New Prince of Wales? Ancient capital prefers to celebrate Owain Glyndŵr | Wales

While King Charles III and Camilla, the Queen Consort, are being greeted with pomp and ceremony during their visit to Cardiff on Friday, preparations will be under way for a modest but defiant event to be staged 100 miles north in the market town of Machynlleth.

The town’s people will gather to mark Owain Glyndŵr Day, a celebration of the life and legacy of the last Welshman to be known as Prince of Wales, the title bestowed by Charles on William in his first speech as king.

“There will be some folk music, a few drinks, a bit of food,” said Huw Morgan, one of the organisers. “I reckon it will be packed.”

Certainly, the event is bound to be more pointed than usual, with Charles’s announcement that William would become Prince of Wales – Tywysog Cymru – going down badly with many nationalists and republicans.

By Wednesday, almost 25,000 people had signed a petition calling for the title to be abolished and activists have vowed to protest at the ceremonies in the Welsh capital.

Morgan, a professor of astronomy, said: “There are lots of people like me who don’t care to hear about the royal family. They are entitled, they are rich and assume they rule over Wales.” Morgan has nothing against the royals as individuals. “But they are symbols of oppression. The English royal family was imposed on Wales centuries ago.”

Elwyn Vaughan with his dog
Elwyn Vaughan: ‘People do feel hurt and insulted by this sudden announcement.’ Photograph: Dmitris Legakis/The Guardian

Machynlleth, which bills itself as the ancient capital of Wales, is home to Glyndŵr’s senedd-dŷ (parliament building), where the 15th century Welsh leader reputedly held an assembly after being crowned prince as he fought the English for an independent Wales.

Gail Jenkins, who runs the Caffi Alys next to the parliament house, said many people were upset by the alacrity of Charles’s decision. “It didn’t give us a chance to have our say. This would have been a great time to show unity and not impose this on us again.”

A local Plaid Cymru councillor, Elwyn Vaughan, said there had been a backlash: “People think they have been taken for granted.”

An Owain Glyndwr statuette
The last Welsh Prince of Wales: an Owain Glyndŵr statuette inside the Senedd Dy. Photograph: Dmitris Legakis/The Guardian

Vaughan said there was some warmth for Charles and his thinking on the environment in Machynlleth, which for decades has been a haven for the eco-conscious, and for William, who worked as a search and rescue pilot in north Wales.

He said: “People have been restrained, have tried to show respect to those who do genuinely care about the royal family but they do feel hurt and insulted by this sudden announcement.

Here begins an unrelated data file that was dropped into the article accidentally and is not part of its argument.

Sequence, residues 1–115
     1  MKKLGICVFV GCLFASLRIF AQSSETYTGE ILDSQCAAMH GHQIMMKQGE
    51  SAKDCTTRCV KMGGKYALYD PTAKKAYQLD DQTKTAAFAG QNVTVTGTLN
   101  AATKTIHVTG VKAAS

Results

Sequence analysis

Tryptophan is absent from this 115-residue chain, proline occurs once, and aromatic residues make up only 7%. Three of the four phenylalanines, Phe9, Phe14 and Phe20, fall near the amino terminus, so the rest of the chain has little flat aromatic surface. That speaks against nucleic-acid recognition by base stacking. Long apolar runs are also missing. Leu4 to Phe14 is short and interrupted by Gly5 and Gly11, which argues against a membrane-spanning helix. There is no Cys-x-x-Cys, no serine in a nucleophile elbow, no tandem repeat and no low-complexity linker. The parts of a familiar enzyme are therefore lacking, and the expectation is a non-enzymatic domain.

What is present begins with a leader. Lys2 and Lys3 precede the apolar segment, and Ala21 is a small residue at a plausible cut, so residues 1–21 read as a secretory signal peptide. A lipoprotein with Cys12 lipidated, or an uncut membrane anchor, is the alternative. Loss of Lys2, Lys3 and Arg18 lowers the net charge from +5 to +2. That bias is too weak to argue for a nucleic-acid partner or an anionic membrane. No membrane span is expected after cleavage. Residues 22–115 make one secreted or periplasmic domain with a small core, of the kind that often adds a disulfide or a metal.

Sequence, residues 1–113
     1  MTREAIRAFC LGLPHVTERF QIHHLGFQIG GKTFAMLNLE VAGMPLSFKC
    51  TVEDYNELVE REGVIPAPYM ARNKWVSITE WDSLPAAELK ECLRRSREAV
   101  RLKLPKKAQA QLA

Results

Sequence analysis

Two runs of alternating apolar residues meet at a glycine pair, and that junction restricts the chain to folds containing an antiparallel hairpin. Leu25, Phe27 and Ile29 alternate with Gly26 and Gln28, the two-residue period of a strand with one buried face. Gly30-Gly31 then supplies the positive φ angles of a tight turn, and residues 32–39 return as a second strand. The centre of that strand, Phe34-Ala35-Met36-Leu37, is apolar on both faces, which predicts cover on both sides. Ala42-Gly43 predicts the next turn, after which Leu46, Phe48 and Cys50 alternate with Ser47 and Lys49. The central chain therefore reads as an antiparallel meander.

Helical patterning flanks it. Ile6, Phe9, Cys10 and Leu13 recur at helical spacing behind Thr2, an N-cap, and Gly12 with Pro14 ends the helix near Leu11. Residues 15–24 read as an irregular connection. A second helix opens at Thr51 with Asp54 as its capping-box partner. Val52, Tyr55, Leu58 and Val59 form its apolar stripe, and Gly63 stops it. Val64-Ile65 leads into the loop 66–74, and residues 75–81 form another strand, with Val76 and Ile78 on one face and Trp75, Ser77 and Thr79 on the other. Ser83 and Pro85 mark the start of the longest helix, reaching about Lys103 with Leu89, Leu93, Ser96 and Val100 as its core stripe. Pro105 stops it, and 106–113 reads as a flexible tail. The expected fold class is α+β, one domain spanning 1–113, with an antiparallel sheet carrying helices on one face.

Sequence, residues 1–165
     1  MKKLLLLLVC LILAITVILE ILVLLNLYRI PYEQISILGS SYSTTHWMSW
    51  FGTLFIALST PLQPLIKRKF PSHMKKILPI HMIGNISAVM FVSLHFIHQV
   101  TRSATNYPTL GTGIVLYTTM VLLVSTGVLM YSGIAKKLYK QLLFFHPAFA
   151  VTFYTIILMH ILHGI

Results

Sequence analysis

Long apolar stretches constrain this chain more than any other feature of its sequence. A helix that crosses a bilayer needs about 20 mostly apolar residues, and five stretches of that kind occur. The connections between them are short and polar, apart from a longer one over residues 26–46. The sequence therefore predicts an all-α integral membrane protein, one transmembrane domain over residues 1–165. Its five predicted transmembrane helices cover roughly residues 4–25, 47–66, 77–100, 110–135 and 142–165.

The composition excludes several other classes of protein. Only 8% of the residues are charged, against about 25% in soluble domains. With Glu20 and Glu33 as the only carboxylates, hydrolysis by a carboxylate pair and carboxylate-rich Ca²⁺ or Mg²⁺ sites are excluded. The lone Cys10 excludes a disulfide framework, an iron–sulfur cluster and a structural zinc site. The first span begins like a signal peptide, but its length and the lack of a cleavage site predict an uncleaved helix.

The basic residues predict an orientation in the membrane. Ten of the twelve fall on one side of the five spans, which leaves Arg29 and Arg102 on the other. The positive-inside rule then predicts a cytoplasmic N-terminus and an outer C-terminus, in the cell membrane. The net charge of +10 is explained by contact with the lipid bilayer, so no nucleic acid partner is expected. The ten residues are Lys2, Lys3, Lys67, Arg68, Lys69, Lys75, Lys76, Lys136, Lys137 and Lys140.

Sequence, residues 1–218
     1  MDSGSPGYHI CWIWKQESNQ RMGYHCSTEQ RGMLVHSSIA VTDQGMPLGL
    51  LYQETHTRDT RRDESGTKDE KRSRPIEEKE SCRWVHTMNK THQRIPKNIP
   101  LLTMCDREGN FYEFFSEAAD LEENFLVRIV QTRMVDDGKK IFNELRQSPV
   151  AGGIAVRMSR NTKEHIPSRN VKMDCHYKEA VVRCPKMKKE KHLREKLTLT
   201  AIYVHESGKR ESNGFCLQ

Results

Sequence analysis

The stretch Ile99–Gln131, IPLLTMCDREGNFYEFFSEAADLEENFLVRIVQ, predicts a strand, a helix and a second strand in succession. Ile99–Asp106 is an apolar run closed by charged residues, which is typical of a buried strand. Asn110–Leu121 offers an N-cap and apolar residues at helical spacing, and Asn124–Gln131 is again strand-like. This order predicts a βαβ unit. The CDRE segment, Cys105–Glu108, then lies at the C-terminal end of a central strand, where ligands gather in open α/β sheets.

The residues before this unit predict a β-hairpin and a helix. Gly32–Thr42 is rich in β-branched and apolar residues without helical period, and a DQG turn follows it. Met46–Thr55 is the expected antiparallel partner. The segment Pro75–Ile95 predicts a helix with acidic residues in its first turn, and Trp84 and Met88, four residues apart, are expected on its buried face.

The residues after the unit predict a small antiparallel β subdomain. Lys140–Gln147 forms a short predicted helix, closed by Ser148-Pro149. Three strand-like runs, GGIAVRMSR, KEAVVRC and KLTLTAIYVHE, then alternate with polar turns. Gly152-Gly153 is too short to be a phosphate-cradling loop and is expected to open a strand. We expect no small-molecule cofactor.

“If we are supposed to be an island of equals, then show respect. We need to respect our neighbours, England, and the establishment there but they must respect us as Wales, our historical differences, our culture, our language, our outlook on the world. Otherwise you create division, hate and negativity.”

Charles’s investiture in 1969 at Caernarfon Castle in north Wales led to protests and years of bitterness for many. The Welsh Labour first minister, Mark Drakeford, said this week there was an “alive” debate surrounding the role and “no rush” for William’s investiture.

But the very idea of any sort of investiture angers many. Plaid Cymru’s Westminster leader, Liz Saville Roberts, said her party had not wanted this conversation now out of respect for those grieving. “But a conversation about an investiture of the Prince of Wales has been started by the first minister and others.

“We should remind ourselves that, unlike the constitutional role of the monarch, the Prince of Wales is a purely ceremonial title. It is for the King to decide what he wishes to call his son. An investiture, however, funded by public money and attended by politicians and diplomats, would give the Prince of Wales a semi-official role as a representative of our nation.”

Judith Williams in her shop door with portrait of Queen in window.
A small portrait in Judith Williams’ shop window was the only sign of the Queen’s death in Machynlleth high street. Photograph: Dmitris Legakis/The Guardian

Laura McAllister, professor of public policy and the governance of Wales at Cardiff University, said if there were to be an investiture it would be much more low key than in 1969. McAllister said there was “some ambivalence” around the title and role of Prince of Wales and that people were “taken aback slightly” by the swiftness of the announcement. “Given, I’m sure, that he is aware of the tension that exists over the title, it does seem odd that it was so rushed.”

On the main shopping street in Machynlleth the only sign of the Queen’s death was one framed portrait next to a vase of roses in a shoe shop window.

“I wanted to pay my respects,” said Judith Williams, who created the display. “I know not many people here have done anything. We like the royal family and will be taking three of the grandchildren to London this weekend. Her passing in Scotland seemed to make Scottish people come together. We haven’t had that in Wales as much. It’s a shame.”

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